The Single Life: Money Basics for Parents Raising Kids Alone

Managing household finances can be difficult for parents carrying the responsibility alone. Whether it’s a baby requiring diapers, formula, and frequent doctor visits or a teen who’s part of the back-to-school population and into top-of-the-line (aka expensive) technology, affording the basics can be an overwhelming challenge for single parents in a tight economy.

Carla Cargle, financial adviser and founder of Genesis One Wealth Builders in Sugar Land, Texas, offers these money management basics to single parents trying to properly manage their finances:

  • Make and follow a sound budget or spending plan. Honestly examine your spending patterns, expenses, and income and be diligent with a plan of action for managing your money. “They need to have a household budget that they follow to make sure all the essentials are taken care of first and foremost,” Cargle says.

Don’t know where to start? Cargle recommends tracking the way you spend your money for at least two weeks and categorizing the expenses (e.g., food, clothes, movies). Then decide on the best spending plan for your income and identify where you can make adjustments. Put necessities first, then incorporate any extras.

  • Get the right insurance coverage. This includes having proper health and life insurance coverage for yourself and your children. If you’re a homeowner or renter, invest in insurance to cover unexpected expenses or loss. “You never know what could occur so you should be prepared for anything,” says Cargle.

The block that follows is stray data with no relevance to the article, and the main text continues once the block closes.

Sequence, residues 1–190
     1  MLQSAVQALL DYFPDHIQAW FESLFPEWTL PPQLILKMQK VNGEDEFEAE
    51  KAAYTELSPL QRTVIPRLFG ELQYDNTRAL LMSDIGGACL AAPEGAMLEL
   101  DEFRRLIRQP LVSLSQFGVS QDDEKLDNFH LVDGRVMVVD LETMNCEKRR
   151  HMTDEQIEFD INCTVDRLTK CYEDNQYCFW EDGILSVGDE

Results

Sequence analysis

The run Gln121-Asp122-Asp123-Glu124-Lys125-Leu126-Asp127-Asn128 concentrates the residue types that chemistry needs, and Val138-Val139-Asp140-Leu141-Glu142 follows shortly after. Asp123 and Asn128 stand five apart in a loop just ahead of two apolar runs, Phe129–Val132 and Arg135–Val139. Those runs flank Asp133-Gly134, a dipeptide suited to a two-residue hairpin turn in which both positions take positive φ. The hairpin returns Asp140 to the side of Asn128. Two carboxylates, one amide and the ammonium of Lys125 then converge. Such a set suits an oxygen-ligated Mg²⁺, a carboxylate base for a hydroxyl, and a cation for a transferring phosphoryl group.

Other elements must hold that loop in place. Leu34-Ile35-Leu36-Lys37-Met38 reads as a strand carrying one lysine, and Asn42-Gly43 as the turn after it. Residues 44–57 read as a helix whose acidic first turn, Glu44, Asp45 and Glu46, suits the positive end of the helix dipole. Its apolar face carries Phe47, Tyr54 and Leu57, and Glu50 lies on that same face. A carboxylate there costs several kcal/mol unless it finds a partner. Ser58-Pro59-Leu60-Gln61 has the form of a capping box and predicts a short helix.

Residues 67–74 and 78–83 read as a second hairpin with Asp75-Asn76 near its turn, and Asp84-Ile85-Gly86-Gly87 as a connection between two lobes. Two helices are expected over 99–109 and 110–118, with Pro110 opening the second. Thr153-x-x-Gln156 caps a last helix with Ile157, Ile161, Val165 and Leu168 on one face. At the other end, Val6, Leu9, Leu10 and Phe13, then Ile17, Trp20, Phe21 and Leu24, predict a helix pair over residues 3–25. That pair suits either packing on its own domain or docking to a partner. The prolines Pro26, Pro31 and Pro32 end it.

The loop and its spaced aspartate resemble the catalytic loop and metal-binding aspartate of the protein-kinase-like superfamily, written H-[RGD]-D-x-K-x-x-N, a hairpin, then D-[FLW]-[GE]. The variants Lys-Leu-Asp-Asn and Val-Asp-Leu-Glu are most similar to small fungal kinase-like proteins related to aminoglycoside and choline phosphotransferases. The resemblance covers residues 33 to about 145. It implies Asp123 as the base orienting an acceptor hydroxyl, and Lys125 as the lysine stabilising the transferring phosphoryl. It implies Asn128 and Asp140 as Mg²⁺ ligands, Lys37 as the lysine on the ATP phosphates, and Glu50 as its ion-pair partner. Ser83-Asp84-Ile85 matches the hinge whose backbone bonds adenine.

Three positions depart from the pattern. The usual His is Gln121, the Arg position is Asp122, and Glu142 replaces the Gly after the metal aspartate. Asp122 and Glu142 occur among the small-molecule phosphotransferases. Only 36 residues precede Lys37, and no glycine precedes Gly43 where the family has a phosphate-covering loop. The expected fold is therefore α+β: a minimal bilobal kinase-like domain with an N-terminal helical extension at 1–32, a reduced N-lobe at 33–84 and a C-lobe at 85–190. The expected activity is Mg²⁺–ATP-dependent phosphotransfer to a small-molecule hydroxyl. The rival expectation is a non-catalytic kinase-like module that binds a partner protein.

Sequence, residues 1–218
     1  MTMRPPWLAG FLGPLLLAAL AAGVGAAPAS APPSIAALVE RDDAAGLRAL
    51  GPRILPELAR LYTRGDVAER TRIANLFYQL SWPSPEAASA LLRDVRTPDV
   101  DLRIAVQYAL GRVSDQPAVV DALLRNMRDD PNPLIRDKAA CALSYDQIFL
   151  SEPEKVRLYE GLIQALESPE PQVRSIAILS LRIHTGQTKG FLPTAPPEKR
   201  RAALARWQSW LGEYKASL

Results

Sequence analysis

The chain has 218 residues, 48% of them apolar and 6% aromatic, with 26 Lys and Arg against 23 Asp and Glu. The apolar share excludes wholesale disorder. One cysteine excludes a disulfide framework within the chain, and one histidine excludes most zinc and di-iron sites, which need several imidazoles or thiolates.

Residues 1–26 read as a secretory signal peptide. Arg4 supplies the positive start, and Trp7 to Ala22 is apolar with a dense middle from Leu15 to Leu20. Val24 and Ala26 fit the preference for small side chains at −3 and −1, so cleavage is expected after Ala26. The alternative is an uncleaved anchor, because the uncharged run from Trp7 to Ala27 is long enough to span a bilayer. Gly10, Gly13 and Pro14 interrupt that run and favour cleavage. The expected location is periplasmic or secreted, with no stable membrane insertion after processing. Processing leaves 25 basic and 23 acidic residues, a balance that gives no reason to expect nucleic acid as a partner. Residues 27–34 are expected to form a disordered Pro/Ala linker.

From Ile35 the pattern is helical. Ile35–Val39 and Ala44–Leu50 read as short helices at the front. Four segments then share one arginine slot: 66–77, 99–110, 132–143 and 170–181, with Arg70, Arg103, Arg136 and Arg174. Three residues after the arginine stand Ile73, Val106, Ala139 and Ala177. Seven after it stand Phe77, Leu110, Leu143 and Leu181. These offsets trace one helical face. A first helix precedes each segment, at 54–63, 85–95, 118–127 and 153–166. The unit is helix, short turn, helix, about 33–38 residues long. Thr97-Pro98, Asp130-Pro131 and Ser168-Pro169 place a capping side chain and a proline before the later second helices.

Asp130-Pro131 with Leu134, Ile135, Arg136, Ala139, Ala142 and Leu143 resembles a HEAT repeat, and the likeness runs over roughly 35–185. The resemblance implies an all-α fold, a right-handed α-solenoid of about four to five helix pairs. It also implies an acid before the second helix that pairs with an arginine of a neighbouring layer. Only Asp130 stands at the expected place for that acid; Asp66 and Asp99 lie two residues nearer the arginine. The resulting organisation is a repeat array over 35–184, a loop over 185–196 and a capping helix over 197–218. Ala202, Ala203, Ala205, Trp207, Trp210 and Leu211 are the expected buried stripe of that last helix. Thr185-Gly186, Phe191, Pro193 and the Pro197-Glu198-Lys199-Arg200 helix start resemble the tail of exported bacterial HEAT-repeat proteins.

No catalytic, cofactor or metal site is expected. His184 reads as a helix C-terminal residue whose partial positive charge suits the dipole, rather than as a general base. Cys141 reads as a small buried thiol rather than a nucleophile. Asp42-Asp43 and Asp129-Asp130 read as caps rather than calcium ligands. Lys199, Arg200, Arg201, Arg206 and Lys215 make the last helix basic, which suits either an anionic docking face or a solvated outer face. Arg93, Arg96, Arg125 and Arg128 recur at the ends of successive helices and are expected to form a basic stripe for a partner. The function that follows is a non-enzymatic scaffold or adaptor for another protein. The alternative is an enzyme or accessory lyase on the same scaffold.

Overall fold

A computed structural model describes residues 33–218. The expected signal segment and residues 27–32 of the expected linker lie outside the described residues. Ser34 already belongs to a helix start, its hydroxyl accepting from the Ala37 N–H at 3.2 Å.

• Have an emergency fund set aside, separate from your usual savings account. With the advent of savings accounts serving as overdraft protection, having a separate account just for emergencies is a good idea. Look into opening a money market account where the funds aren’t as easily accessible.  “If it’s outside of your immediate access then you are less likely to tap into it,” she says. There are several money markets that don’t have minimum balance requirements. But if you’re interested in one that does, “start a savings account at your bank or credit union and then transfer that money into the money market account when you’re ready,” suggests Cargle.
  • Learn to say no to your children when it comes to spending. Oftentimes, 0verspending and not saying no to extras can contribute to parental debt. Don’t overindulge, put an allowance in place, and stick to your budget, Cargle says. “At some point, the child has to learn these things so that they can become responsible with money as adults.”

  • Start a savings plan for your children’s future. In addition to looking into options such as the 529 College Saving Plan, flexible spending account (FSA) or Uniform Gift to Minors Act (UGMA) account, start looking into scholarships, grants, and other ways to fund education early. “Don’t wait until a child is a senior in high school before you start saving for college or educational pursuits,” Cargle says. Determine your child’s aptitudes, develop a portfolio of information on how to nurture them, and find ways to start saving to support their development.